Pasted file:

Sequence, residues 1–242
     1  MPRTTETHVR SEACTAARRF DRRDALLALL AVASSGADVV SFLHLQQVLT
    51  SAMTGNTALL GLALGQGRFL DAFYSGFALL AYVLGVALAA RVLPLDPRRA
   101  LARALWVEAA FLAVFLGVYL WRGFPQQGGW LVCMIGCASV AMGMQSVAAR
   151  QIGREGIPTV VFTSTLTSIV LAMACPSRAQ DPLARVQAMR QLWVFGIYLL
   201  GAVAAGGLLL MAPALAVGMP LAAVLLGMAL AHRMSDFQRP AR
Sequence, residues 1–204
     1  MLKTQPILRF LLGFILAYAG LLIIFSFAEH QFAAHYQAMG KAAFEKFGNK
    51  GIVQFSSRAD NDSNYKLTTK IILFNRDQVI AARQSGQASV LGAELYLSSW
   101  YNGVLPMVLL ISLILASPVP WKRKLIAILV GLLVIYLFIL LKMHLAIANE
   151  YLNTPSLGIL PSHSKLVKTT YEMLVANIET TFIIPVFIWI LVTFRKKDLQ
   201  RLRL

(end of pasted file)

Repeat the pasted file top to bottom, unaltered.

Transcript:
Sequence, residues 1–242
     1  MPRTTETHVR SEACTAARRF DRRDALLALL AVASSGADVV SFLHLQQVLT
    51  SAMTGNTALL GLALGQGRFL DAFYSGFALL AYVLGVALAA RVLPLDPRRA
   101  LARALWVEAA FLAVFLGVYL WRGFPQQGGW LVCMIGCASV AMGMQSVAAR
   151  QIGREGIPTV VFTSTLTSIV LAMACPSRAQ DPLARVQAMR QLWVFGIYLL
   201  GAVAAGGLLL MAPALAVGMP LAAVLLGMAL AHRMSDFQRP AR
Sequence, residues 1–204
     1  MLKTQPILRF LLGFILAYAG LLIIFSFAEH QFAAHYQAMG KAAFEKFGNK
    51  GIVQFSSRAD NDSNYKLTTK IILFNRDQVI AARQSGQASV LGAELYLSSW
   101  YNGVLPMVLL ISLILASPVP WKRKLIAILV GLLVIYLFIL LKMHLAIANE
   151  YLNTPSLGIL PSHSKLVKTT YEMLVANIET TFIIPVFIWI LVTFRKKDLQ
   201  RLRL